Aurora Basin: ice core science
The Aurora Basin project is an ice core drilling project where we expect to get an ice core which covers the last 2000 years. This is a very important time in the Earth’s climate history and currently we have a lack of data covering this period from Antarctica.
My name is Dr Mark Curran and I am an ice core research scientist with the Australian Antarctic Division.
The Aurora Basin project has been about seven years in planning and it’s the culmination of a lot of efforts by a range of scientists and logistics personnel here in Australia and overseas.
Aurora Basin is situated 550 km inland from Casey station in East Antarctica. We are very excited about the science that will be coming out from the project and there is a level of anticipation to get to this region and establish a remote ice core drilling camp.
The initial party to Aurora Basin will go via traverse from the French station Dumont D’Urville. This will take about 15 days. When they arrive on the site there will be three members of the Australian program and the team will establish a camp at Aurora Basin. A ski way will then be groomed and this will allow the Australian program to bring in their plane and the rest of the people from Casey Station into the Aurora Basin camp.
Two of the biggest challenges that we will face are the altitude and the temperature. It is a high altitude site and therefore once people arrive on site they will have to rest for a couple of days before they start their work. In terms of the temperature on the site we expect average daily temperatures of −25°C which will be very testing for both the people and the equipment that we use.
Minister's welcome message for Strategic Science in Antarctica conference 2013
G’day, it’s Tony Burke – the Environment Minister for Australia. I wish I could be with you in Hobart for the Strategic Science in Antarctica conference. I think it’s a great initiative, and I’m really glad we’ve got so many scientists from Australia, but also who’ve come from New Zealand, and some from even further afield.
The work that you do is important, and I think it symbolises everything about the decisions that were made some years ago about Antarctica. The whole concept – and to reflect on it now – to think that decision, we had that moment in time where people said let’s set aside an entire continent for scientific research, is worth reflecting on itself. But what’s made it such a permanent conservation decision isn’t just that everyone got together and made that decision, but the quality of the science that has now come about as a result, is second to none, and doesn’t just inform us about Antarctica – it informs us about the whole world: the rest of our planet.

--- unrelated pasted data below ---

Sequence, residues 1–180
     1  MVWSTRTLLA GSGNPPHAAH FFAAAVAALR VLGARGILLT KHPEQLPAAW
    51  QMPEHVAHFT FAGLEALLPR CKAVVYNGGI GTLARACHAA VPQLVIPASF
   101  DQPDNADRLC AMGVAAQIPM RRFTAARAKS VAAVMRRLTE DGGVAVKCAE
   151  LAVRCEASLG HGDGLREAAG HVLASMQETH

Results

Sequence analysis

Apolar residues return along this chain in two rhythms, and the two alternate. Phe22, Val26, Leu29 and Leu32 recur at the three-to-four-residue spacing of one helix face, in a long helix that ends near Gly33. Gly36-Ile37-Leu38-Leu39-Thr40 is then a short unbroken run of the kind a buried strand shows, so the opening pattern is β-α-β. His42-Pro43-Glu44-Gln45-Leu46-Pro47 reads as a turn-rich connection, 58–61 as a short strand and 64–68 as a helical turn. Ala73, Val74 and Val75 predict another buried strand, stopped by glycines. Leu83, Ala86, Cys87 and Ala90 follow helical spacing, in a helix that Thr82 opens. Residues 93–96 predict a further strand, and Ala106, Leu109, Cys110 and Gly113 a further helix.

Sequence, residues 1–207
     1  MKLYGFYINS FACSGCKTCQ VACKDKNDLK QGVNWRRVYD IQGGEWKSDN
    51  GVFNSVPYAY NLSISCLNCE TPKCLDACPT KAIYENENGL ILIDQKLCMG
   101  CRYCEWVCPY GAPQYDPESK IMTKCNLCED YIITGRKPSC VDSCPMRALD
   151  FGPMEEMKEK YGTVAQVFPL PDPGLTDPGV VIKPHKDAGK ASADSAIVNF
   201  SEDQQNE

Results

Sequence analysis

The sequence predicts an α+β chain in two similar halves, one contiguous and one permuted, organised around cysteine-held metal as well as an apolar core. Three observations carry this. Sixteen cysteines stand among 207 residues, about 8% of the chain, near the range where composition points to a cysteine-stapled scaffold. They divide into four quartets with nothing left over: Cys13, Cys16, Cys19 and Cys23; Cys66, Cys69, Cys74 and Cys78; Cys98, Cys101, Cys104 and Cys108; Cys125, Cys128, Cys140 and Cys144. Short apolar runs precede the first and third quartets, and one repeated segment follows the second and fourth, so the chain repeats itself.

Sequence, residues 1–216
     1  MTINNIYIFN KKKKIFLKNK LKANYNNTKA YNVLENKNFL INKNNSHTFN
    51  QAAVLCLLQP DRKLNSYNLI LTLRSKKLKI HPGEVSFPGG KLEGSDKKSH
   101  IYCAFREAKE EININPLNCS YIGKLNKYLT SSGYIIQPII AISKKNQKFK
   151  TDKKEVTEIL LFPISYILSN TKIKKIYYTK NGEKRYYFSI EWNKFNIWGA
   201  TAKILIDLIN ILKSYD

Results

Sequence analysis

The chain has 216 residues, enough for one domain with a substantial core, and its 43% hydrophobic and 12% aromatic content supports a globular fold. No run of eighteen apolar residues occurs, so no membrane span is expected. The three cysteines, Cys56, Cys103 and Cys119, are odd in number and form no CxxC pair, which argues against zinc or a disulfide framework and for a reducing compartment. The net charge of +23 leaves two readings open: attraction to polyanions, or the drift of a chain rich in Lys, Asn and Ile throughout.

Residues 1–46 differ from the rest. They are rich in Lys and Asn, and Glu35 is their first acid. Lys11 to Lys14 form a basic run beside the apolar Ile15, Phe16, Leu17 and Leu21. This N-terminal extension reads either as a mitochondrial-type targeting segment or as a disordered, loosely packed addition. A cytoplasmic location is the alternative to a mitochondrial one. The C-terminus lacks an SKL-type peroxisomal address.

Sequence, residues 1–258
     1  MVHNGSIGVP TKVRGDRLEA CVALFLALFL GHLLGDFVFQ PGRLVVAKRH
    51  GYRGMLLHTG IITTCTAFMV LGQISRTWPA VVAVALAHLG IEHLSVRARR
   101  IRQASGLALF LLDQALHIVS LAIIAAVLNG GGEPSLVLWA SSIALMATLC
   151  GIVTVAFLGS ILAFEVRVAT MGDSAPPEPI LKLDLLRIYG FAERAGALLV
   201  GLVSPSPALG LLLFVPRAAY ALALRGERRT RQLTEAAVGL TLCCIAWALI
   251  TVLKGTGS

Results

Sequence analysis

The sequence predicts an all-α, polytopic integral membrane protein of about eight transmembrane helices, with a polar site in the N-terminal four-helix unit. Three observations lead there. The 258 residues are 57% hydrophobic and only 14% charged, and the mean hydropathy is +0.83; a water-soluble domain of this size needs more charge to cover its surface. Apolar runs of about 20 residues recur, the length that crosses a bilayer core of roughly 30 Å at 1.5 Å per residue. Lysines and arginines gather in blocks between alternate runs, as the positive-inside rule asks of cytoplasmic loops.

The work on whales that’s done there, for the full migratory path they have from the southern ocean all the way through north. The work that’s being done now with the protection of some large marine parks through the CCAMLR process and the biodiversity benefits that can come through with that. Those of you who work also in the marine environment in looking at phytoplankton and krill – two foundation species, and the possible impact that we get from changes in the qualities of our ocean – in ocean acidification; in ocean temperature, and how quickly the species are able to adapt to that. Knowing of course the extent to which they then underpin so much more marine life. Probably the most obvious of all examples, those of you who work with ice cores, which have provided and unlocked so many of the secrets of the history of our planet and allowed us to have the understanding of the modern science of climate change to give the warning signs to our nation and to the world; to give governments the opportunity, if they’re smart enough to take it, to act, and take action in time, before it’s too late.
That work is all possible because of those twin decisions. One, the fact that we put aside the Antarctic for science research, conservation and peace. Secondly, because of the quality of the work that then came, has been able to provide so much of a benefit.
So to all of you, I’m glad that you’re there; and I’m terribly glad, sincerely glad of the work that you do. You’re providing answers to some of the most important questions on our planet. There’s no other way of summarising what you do. Congratulations. Enjoy the meeting. Keep doing more of it. Thanks.
East Antarctic Marine Protected Areas
The icy waters of the Southern Ocean off East Antarctica support some of the richest and most diverse ecosystems in the world. Marine mammals, penguins and seabirds frequent the area to gorge on the abundant food supplies. It’s also the breeding area for key species of fish and Antarctic krill.
The critical importance of this area for the overall health of our oceans is now being recognised through a joint push from Australia, France and the European Union to establish a system of Marine Protected Areas, or MPAs in East Antarctica. The East Antarctic Marine Protected Area proposal aims to conserve seven regions of open ocean and seabed biodiversity.